< Current issue
Dermatopathology: Practical & Conceptual July - September 2001
Evolution in Thinking: Criteria for Clinical Diagnosis of Melanoma, 1947–2000: A Critique in Historical Perspective
Mary Aldrene L. Tan, M.D.
A. Bernard Ackerman, M.D.
Becker and Obermayer
Ormsby and Montgomery
Sulzberger and Wolf
Pillsbury, Shelley, and Kligman
Fitzpatrick and Clark
Lewis and Wheeler
Callen, Stawiski, and Voorhees
Roses, Harris, and Ackerman
Dobson and Abele
Friedman, Rigel, and Kopf
Fitzpatrick, Rhodes, Sober, and Mihm
Koh and Rogers
McCarthy et al.
Mooi WJ and Krausy
Fitzpatrick, Milton, Balch, Shaw, McCarthy, and Sober
National Institutes of Health Consensus Conference
Holzle, Kind, Plewig, and Burgdorf
Marghoob, Slade, Kopf, Rigel, and Friedman
Arndt, Wintroub, Robinson, and LeBoit
Elder and Elenitsas
Maize et al.
Langley, Fitzpatrick, and Sober
Farmer and Hood
Fleischer, Feldman, Katz, and Clayton
Ackerman, Kerl, Sánchez, et al.
"The goal is to recognize melanomas at the earliest stage. Compared to common acquired melanocytic nevi, malignant melanomas tend to have
olor variegation, and
iameter enlargement. Changes in shape and color are important early signs and should always arouse suspicion. Ulceration and bleeding are late signs; hope of cure diminishes greatly if the diagnosis has not been made before such changes occur . . ." (
Clinical Dermatology A Color Guide to Diagnosis and Therapy.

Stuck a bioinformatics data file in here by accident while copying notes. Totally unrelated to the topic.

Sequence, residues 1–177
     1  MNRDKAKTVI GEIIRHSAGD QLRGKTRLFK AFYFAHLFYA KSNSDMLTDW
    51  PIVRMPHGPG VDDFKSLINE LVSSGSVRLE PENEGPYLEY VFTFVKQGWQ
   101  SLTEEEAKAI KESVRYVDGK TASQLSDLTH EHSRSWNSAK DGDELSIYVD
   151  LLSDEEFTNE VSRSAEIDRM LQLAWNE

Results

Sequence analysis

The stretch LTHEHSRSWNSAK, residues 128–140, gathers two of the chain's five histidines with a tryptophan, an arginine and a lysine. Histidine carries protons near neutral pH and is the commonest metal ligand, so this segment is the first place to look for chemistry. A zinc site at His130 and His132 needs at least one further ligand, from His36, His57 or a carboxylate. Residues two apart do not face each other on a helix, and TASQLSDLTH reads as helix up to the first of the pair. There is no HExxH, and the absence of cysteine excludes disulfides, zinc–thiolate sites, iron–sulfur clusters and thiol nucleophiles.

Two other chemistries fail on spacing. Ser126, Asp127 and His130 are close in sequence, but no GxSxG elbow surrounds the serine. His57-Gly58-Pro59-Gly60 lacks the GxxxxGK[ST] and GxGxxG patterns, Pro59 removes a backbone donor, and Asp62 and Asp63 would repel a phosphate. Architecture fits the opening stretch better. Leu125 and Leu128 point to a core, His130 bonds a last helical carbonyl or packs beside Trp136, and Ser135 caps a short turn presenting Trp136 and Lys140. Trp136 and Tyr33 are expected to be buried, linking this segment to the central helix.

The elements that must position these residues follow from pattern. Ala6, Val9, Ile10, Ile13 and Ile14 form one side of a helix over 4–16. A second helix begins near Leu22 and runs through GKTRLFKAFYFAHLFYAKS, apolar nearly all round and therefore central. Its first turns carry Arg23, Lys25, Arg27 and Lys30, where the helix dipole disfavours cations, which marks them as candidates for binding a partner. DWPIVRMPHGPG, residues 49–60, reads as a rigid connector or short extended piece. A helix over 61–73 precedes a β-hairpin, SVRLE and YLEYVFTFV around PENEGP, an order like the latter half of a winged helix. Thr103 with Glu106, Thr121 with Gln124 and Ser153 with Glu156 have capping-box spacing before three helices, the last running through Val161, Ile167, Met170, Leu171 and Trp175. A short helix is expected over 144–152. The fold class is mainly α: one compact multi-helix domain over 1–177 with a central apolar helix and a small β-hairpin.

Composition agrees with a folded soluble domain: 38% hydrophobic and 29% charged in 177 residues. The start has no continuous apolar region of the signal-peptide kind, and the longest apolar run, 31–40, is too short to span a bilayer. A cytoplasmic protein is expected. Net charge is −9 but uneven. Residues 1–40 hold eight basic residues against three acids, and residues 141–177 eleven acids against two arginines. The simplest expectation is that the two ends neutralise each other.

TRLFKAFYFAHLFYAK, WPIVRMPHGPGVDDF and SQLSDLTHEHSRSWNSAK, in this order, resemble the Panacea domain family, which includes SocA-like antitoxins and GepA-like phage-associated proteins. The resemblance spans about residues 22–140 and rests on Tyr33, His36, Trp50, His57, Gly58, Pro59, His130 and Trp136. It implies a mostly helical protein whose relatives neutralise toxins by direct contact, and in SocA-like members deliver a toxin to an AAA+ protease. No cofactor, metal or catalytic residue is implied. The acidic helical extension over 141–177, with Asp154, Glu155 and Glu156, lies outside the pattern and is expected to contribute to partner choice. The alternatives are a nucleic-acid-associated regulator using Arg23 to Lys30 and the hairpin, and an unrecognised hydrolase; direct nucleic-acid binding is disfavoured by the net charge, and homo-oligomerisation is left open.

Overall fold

2nd Edition. St. Louis: The C.V. Mosby Company, 1990: 5645.
Fig. 9 Our diagnosis and comment: Melanoma. Although this melanoma is situated on an acral part, that does not make it "acral-lentiginous melanoma." Irrespective of the anatomic site, the neoplasm pictured here fulfills criteria clinically for melanoma. If the very same lesion were present on sun-damaged skin of the face, it would be termed "lentigo maligna melanoma," and were it positioned on the trunk it would be designated "superficial spreading melanoma." In brief, melanoma morphologically is melanoma on every anatomic site, including mucous membranes.
Habif is correct to underline the importance of recognizing melanomas "at the earliest stage," and toward that end he advocates the simplistic, and often erroneous, ABCDs. He also tells of the importance of history in the form of "changes in shape and color," information that is much less important for diagnosis than actual morphologic findings. He rightly notes that "ulceration and bleeding" indicate a grave prognosis and, that being the case, are irrelevant to recognizing melanomas "at the earliest stage."
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